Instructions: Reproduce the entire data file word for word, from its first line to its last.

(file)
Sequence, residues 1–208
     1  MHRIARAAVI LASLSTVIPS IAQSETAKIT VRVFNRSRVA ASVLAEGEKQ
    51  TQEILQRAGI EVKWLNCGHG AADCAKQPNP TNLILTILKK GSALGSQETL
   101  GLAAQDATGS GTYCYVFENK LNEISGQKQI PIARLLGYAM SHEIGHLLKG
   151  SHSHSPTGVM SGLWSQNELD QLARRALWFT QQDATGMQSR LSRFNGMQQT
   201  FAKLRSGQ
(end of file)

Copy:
Sequence, residues 1–208
     1  MHRIARAAVI LASLSTVIPS IAQSETAKIT VRVFNRSRVA ASVLAEGEKQ
    51  TQEILQRAGI EVKWLNCGHG AADCAKQPNP TNLILTILKK GSALGSQETL
   101  GLAAQDATGS GTYCYVFENK LNEISGQKQI PIARLLGYAM SHEIGHLLKG
   151  SHSHSPTGVM SGLWSQNELD QLARRALWFT QQDATGMQSR LSRFNGMQQT
   201  FAKLRSGQ